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The Dark Below makes Destiny's mistakes all over again

Bungie's expansion is more of the same - for better and for worse.

Three months into Destiny's projected 10-year lifespan and there seem to be as many people burned out by its protracted grind as there are in thrall to it. The Dark Below, Bungie's first significant expansion for the game, isn't going to change that. It's not an overhaul in the style of Blizzard's ground-shaking expansions, or an introduction of new, exciting systems that can win back those who have turned their backs on the game. It is, instead, a sliver of content gently inserted into the existing world, prolonging that grind in a way that will delight as many as those who will despair.

There's no quick fix to some of Destiny's well-established problems. The story, delivered by a new vendor in the Tower named Eris, benefits from a clear through-line running across the new missions - you're hunting down the Hive Witch Omnigul, tracking her from beneath the Earth's Cosmodrome to the moon - but it's still muddy and cold.

The missions themselves, while moving away from the rightly derided standard of deploying your AI partner Ghost and then defending him against wave after wave of enemies, do nothing significantly new. There's a thin gesture towards the more varied mechanics used in the raids when, in the first new mission, you're struck by a curse that disables your boost jump, but beyond that it's the same noisy pursuit many players will be familiar - or, indeed, over-familiar - with already.

The new weapons, it seems, are a wonder - Murmur, a fusion rifle you're handed by Eris, comes complete with an amazing metallic ping when fired.

Likewise, the locations, while sending you deeper into the bowels of Earth and the Moon, don't particularly offer fresh or spectacular sights. The stand-out locale is reserved for the very first mission, an underground base full of brushed steel and sharp angles that feels like another, welcome step back into the more hard-edged sci-fi of Halo. Elsewhere, it's like you're retreading ground that's not quite so old - something explicitly true of the final bounties required to complete the story that has you patrolling the Cosmodrome in pursuit of half-hidden Hive enemies.

The Strikes, too, seem more likely to elicit a sigh than excitement when they swing around on playlists. The Undying Mind, a PS4-exclusive mission set in the immediate aftermath of the main game's climax on Mars' Black Garden, feels like an off-cut, a run through angry, busy mobs of enemies before facing off against an aggressive ogre. Will of Crota, a Strike that acts as the end of The Dark Below's story and takes place on the Cosmodrome's Jovian Complex, fares a little better. It's a crowded gauntlet run through thick swarms of Hive that climaxes in a multi-tiered annex where you face off against the plasma-spitting Omnigul.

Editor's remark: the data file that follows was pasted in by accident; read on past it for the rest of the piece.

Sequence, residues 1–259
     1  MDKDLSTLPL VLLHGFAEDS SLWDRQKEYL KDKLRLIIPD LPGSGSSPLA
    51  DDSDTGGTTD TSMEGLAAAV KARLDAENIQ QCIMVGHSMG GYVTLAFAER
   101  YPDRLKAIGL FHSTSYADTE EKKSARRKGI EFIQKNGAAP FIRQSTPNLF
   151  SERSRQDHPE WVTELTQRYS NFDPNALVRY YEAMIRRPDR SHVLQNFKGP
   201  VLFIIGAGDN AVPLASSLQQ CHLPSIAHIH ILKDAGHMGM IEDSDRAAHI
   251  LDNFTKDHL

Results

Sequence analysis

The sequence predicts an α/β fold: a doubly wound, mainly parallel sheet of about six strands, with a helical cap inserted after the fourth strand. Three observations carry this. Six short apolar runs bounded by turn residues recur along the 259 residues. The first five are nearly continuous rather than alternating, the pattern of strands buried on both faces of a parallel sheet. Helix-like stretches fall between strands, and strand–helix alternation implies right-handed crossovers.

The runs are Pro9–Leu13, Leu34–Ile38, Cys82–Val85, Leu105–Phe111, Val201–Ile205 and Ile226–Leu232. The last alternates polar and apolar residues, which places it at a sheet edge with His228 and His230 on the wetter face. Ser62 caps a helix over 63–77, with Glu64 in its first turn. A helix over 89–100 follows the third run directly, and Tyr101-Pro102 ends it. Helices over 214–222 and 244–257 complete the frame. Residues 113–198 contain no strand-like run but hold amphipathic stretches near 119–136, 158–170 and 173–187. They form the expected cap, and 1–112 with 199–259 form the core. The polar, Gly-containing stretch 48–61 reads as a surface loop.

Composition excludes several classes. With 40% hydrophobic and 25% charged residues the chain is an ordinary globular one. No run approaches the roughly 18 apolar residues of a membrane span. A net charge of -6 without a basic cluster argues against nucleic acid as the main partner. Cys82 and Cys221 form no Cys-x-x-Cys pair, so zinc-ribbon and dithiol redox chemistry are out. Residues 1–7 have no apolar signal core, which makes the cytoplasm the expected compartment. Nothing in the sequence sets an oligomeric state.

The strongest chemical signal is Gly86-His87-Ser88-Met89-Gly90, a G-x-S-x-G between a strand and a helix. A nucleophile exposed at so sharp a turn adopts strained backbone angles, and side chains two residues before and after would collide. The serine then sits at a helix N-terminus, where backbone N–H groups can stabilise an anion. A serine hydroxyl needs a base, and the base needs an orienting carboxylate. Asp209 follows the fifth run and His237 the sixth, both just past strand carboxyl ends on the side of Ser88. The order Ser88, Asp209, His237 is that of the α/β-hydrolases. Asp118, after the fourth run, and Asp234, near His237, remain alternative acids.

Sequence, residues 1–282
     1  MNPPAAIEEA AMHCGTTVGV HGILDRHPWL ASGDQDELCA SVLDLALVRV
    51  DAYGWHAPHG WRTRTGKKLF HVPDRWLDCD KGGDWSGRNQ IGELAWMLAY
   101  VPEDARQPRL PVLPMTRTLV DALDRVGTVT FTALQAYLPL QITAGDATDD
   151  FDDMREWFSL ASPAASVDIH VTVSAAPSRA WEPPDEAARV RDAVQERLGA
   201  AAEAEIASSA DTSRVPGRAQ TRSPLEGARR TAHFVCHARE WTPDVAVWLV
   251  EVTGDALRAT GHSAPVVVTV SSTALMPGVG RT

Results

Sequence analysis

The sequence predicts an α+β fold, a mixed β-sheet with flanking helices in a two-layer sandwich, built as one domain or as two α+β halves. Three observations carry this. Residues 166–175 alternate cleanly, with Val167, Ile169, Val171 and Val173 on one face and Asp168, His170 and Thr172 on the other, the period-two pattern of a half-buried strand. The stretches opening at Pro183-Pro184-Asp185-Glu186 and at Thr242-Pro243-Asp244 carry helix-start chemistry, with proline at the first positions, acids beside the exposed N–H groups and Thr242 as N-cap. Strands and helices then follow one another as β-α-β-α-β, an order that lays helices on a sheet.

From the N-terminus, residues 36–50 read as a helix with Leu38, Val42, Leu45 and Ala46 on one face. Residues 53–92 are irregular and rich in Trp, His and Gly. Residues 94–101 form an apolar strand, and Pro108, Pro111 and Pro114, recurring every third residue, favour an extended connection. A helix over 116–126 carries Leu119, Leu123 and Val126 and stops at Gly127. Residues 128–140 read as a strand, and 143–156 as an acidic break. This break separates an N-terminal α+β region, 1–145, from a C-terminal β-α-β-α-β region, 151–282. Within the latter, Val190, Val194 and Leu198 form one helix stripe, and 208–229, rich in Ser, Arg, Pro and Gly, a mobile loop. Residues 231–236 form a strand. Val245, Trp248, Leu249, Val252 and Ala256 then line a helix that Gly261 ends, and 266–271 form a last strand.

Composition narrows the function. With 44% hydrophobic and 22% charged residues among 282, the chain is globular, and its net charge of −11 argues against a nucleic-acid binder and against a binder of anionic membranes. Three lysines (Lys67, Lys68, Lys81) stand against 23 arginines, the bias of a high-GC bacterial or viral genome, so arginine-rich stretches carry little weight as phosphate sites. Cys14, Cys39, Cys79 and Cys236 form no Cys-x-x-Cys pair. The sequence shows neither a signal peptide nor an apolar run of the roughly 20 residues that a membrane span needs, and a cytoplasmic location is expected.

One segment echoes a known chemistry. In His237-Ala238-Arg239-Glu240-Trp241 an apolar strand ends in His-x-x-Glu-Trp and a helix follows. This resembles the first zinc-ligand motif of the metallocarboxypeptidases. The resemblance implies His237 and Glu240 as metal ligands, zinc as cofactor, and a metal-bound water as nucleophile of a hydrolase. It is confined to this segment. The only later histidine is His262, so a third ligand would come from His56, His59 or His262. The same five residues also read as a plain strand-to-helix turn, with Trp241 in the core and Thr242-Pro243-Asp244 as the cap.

The new Crucible maps seem stronger, even if it's a little too early to say how they'll bed in. Skyshock is a welcome addition to Destiny's small number of vehicle warfare maps, repurposing the Cosmodrome's Skywatch for an open-ended battleground patrolled by Pikes, while The Cauldron is a more close-quarters affair, the dark halls of a Hive dungeon providing a wonderfully murky backdrop to Clash matches that funnel players through tight, noisy choke points. Pantheon, a labyrinthine warren in the Black Garden, seems to be the real treat, though, with its exposed walkways and occasional extended lines of sight reassuring you that Bungie hasn't lost its touch with multiplayer map design.

It too often feels like Bungie's fumbling the grind, though. With much of The Dark Below's new content failing to spark, it's the more sweeping, fundamental changes to levelling that have the biggest impact, and the journey to the new level cap of 32 that's going to have a lasting effect on players. New vendors bring new gear with an all-new light level - a welcome addition for all those playing Destiny and not just ring-fenced for owners of The Dark Below, but delivered with a punch to the gut all the same, as so much of the gear acquired and invested in since launch only three months ago is rendered obsolete.

It's here where Destiny still hasn't quite convincingly married the needs of an MMO and a console shooter. Its desire to keep players hooked with new challenges gets in the way of players who rightly covet their hard-earned gear. The upheaval's an established trend in MMOs - but Bungie's insistence on moving the goal-posts so rapidly and so early in Destiny's life understandably leaves something of a sour taste in the mouth.

Still, it's a taste soon washed out once you're back up and running on the hypnotic treadmill of progression, working your way through new legendary weapons and armour and towards life post-level 30 - a requirement, it would seem, to take on the savage and punishing new raid, Crota's End. One of Destiny's most baffling decisions was how it kept so much of its very best content, the fantastic Vault of Glass raid, under lock and key; the variety and spectacle so sorely missed by most players was reserved for those who'd spent the best part of 40 hours grinding and were able to assemble their own fireteam. To see The Dark Below follow the same path is puzzling, and it's still too early to say whether the grind to be able to face Crota's End - or, indeed, the significant price tag to unlock it - will be worth it.

This is an early impressions piece based on one day of play. We'll have our full review - incorporating our take on the new raid - early next week.

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About the Author
Martin Robinson avatar

Martin Robinson


Martin worked at Eurogamer from 2011 to 2023. He has a Gradius 2 arcade board and likes to play racing games with special boots and gloves on.

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